46th Day of Summer
Perhaps I'm delirious. Perhaps the apparently permanent fel taint in the air is affecting my mind, because if it isn't, then I saw the face of a ghost today.
His eyes were covered, but I knew the face. I'm sure I knew the face. Thirty years does nothing to weaken the memory of my people, a fact I bitterly resent, and his is a face firmly lodged in my mind and tangled in a weave of confusion.
And he'd leapt in to save me in particular. Others were closer to me, and others who needed saving were closer to him. But he jumped in and cut down the fel guard that had been about to cleave me in two while I was occupied by a comparatively meagre hound.
It was Malveth Sunfeather. I'm sure it was.
He was a city boy, younger than me but he made up for that in arrogance, and he'd been lively and driven - my mother had always said he was a bad influence; people in Silvermoon City were always more brash and outspoken than those of us that lived outside the city's walls. But at least they weren't all talk; when the Lich King had strode so brazenly through our land, he and many others had taken arms to fight against him. Many of them died, a number too inexperienced and foolhardy through that very arrogance, and though he'd survived the campaign, he'd lost his whole family in the process. Worse still, his family had been quite capable warriors, and that he alone had survived them meant that he had to carry the weight of their accomplishments and the expectations of everyone else that came with them. I always thought he carried it well, even despite the darkness that had began to shadow his heart. I knew him well enough to notice it, but we were not close enough for me to voice my concerns, even though I could see it reaching deeper and deeper into him. Now I regret never speaking up.
And so it hadn't been too much of a surprise at the time when he, like so many others, had eagerly and loyally followed Prince Kael'thas away from Quel'Thalas to restore our people to our former glory by Illidan's lead. But while he must have felt that he had nothing left to stay for, I have wondered on the few occasions he's popped into my mind since if it wasn't perhaps that very difference of upbringing, in the city rather than the woods, moulding a more privileged spirit, that had coaxed such a reaction from him. Where, I suppose, I accepted the fate of my family and friends, he simply couldn't and wanted to lash out. His heart had become quite dark by that point and many of his friends, myself included, had been pushed away by it. No one was there to try to calm him, to talk to him.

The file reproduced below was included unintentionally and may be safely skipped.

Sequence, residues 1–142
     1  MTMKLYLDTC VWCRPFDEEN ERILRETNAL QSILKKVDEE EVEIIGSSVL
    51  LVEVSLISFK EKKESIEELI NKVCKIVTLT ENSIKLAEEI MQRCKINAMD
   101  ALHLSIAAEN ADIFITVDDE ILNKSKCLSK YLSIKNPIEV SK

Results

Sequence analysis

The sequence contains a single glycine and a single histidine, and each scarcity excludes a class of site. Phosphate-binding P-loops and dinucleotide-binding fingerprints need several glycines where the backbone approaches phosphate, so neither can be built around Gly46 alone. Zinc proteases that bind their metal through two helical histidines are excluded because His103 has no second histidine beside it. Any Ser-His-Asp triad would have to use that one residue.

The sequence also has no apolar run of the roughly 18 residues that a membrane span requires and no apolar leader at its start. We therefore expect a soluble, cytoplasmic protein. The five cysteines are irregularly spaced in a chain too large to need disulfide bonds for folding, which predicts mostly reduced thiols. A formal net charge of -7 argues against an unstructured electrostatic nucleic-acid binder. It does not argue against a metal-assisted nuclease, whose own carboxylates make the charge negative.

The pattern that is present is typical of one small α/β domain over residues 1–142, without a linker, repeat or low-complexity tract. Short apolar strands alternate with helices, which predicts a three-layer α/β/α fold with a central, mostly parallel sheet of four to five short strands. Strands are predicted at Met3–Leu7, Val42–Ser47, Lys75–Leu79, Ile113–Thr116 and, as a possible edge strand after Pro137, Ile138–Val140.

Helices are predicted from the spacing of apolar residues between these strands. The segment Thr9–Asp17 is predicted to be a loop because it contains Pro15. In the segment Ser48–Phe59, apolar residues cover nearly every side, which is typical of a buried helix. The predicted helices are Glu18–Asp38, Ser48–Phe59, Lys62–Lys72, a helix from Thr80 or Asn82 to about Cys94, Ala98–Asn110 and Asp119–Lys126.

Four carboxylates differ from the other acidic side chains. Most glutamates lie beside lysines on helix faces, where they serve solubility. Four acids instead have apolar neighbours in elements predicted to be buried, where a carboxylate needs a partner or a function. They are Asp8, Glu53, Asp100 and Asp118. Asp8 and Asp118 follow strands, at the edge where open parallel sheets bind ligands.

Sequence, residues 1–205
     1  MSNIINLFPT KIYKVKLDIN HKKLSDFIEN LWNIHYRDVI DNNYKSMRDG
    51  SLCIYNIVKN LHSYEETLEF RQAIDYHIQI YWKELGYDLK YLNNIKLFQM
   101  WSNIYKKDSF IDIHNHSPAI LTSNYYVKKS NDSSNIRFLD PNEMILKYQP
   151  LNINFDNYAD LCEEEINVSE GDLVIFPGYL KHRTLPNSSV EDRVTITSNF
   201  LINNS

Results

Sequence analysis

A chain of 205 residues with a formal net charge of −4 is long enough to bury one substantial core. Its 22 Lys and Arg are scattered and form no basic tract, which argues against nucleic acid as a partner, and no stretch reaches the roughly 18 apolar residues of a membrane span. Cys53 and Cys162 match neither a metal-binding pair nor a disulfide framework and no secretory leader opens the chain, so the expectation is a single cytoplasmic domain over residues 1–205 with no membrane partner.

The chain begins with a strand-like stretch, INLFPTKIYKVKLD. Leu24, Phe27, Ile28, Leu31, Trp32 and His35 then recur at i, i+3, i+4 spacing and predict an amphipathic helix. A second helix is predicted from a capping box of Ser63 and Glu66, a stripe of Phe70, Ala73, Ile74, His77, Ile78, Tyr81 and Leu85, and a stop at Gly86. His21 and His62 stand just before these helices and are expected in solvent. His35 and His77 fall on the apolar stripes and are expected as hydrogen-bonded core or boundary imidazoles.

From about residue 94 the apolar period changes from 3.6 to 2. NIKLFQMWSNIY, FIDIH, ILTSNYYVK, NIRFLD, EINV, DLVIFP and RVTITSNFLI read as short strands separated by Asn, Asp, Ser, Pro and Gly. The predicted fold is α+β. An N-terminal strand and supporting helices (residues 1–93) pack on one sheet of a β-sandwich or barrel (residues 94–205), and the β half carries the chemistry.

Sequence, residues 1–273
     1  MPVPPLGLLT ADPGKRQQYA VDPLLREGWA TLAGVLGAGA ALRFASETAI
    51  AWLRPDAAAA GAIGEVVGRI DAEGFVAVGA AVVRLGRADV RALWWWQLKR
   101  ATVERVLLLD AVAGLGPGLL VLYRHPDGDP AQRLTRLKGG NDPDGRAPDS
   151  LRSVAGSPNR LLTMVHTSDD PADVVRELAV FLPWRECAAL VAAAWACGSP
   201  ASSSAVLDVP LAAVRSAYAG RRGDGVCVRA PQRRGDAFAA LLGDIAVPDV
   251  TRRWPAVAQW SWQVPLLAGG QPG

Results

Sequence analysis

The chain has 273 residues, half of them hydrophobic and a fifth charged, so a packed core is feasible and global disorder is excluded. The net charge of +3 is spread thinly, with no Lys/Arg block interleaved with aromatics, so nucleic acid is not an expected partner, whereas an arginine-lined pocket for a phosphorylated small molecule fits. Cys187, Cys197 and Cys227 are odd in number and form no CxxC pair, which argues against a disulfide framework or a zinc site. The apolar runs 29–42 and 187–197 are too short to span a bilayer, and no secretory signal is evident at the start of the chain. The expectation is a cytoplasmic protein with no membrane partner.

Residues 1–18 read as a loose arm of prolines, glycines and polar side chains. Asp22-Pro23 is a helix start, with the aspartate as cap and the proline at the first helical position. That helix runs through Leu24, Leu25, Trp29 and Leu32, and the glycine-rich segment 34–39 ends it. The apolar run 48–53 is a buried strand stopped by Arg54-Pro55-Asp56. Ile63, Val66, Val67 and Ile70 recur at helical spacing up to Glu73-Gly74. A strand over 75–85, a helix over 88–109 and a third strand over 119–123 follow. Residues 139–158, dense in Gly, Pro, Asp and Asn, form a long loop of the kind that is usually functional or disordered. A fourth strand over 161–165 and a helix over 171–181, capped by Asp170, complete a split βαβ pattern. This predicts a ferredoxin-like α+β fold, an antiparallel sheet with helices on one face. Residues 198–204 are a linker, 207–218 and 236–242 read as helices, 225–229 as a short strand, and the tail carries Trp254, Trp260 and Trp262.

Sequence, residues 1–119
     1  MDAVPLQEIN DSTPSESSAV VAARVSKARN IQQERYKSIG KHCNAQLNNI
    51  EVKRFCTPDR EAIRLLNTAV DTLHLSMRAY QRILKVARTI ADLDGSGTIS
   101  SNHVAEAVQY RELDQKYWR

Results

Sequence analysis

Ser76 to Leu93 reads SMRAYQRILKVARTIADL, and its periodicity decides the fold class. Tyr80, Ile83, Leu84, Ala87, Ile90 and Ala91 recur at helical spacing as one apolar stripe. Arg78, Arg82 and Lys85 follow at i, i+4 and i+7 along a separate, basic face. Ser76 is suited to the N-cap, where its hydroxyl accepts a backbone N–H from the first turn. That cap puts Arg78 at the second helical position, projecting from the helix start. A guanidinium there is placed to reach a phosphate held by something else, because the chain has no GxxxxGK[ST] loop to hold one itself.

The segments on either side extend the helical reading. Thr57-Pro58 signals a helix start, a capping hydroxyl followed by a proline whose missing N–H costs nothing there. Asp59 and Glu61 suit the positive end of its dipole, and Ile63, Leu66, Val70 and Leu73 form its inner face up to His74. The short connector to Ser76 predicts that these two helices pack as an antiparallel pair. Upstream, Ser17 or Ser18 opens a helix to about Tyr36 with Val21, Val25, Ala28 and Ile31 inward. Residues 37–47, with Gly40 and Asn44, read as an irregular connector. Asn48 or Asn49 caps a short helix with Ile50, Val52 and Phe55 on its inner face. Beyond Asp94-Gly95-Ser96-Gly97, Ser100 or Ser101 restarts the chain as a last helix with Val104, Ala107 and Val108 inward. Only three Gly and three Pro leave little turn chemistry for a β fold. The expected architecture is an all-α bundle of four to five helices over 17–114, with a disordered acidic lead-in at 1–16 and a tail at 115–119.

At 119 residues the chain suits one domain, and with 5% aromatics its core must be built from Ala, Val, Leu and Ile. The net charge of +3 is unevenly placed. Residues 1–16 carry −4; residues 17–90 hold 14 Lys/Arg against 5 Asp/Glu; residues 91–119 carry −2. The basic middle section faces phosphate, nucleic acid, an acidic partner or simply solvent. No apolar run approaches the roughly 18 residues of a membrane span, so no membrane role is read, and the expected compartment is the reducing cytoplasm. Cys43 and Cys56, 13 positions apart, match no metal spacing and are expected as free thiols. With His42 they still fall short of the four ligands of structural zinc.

I've found that I regret that, and all the more now that I've seen where it has led him.
When he left Quel'Thalas, that was the last I'd known of him. I admit that I assumed he perished - so many others did - but having never set foot through that or any other portal that bridged this world with another, I had nothing but second-, third- and forth-hand accounts of what the orcish homeworld was like, or what Prince Kael'thas's band had truly gotten up to. Though I saw the results.
But I am surprised by the revelation that he did not stay beside Prince Kael'thas, that he had joined with Illidan instead, and I admit that, right now, I'm not sure which side would have been better. But I don't think I would have liked what he'd have become if he had remained loyal to the Prince. He and those beneath him had become enemies of our own people, but these demon hunters, Illidan's twisted elven creations...they seem to be fighting on the same side as us - or for the same goal, at the very least.
I've not seen him since that moment on the field, and while I'd like to think that whether or not I see him again, whether I speak a word to him, is within my hands...I get the feeling that his eerie, unseeing eyes are already spying upon me.
-- Atherya Sunleaf